– Decreased secretion of parathyroid hormone by the parathyroid glands, manifested as hypocalcemia.
Causes and Incidence
The cause is usually unintentional damage to or removal of the parathyroid glands during thyroidectomy. There is a rare idiopathic form in which the parathyroids are absent or atrophied, as well as a genetic form that is part of a polyendocrine syndrome called HAM (hypoparathyroidism, Addison’s disease, and moniliasis). The idiopathic form generally occurs in childhood.
A decrease in the secretion of parathyroid hormone (PTH) leads to a reduced resorption of calcium from the renal tubules, decreased absorption of calcium in the gastrointestinal (GI) tract, and decreased resorption of calcium from bone. The serum calcium level falls, increasing neuromuscular excitability and leading to spasms and tetany.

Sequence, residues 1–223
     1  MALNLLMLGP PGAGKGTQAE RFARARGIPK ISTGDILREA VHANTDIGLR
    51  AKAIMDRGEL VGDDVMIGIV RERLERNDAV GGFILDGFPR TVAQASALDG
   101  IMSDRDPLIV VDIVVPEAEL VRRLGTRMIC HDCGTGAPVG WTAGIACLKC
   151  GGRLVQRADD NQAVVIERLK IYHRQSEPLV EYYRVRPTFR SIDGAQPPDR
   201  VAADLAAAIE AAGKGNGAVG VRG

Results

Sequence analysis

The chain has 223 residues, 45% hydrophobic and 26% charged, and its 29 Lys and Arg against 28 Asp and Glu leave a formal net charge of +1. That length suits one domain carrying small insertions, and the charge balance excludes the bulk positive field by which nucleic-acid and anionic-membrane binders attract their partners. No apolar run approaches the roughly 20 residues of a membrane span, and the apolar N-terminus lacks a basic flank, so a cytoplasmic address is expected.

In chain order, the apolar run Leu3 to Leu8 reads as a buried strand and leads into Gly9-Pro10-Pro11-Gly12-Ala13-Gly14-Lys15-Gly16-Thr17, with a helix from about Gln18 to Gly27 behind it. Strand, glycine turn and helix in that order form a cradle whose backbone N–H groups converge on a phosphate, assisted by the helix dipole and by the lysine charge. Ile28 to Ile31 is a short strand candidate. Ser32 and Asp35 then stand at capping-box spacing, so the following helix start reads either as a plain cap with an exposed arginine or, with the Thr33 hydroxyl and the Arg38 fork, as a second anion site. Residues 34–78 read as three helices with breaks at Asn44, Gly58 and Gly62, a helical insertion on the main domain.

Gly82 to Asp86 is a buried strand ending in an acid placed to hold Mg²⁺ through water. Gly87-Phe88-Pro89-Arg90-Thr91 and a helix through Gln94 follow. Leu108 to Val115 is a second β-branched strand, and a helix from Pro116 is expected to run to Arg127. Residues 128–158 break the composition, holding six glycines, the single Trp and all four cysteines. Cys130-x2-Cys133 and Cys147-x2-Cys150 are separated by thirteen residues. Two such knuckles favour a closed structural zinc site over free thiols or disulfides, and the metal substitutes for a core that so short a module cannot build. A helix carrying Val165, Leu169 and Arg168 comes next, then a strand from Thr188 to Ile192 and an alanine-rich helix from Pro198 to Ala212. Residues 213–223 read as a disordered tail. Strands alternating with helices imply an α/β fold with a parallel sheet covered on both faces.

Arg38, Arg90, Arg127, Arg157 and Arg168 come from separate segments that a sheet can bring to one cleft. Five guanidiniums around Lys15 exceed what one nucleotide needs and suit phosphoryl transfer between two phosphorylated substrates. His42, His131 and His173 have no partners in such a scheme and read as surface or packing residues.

Hypoparathyroidism is often asymptomatic in the early stages. The most characteristic sign is tetany with paresthesias of the lips, tongue, fingers, and feet; other signs are carpopedal and facial spasms, generalized muscle aches, and fatigue. Encephalopathy, depression, dementia, and papilledema may also be present.
Acute onset of hypocalcemia leads to laryngospasm, airway obstruction, and cardiac failure. Long-standing disease leads to bone deformities, cataract formation, reduced cardiac contractility, and heart failure. Childhood disease can lead to mental retardation and stunted growth.
Parathyroid deficiency is characterized by a low serum calcium level, high serum phosphorus level, and normal alkaline phosphatase level. Serum intact PTH is decreased. Chvostek’s and Trousseau’s signs are positive.
Calcium supplements; vitamin D to increase calcium absorption in the GI tract.
Calcium-rich diet; monitoring of calcium levels.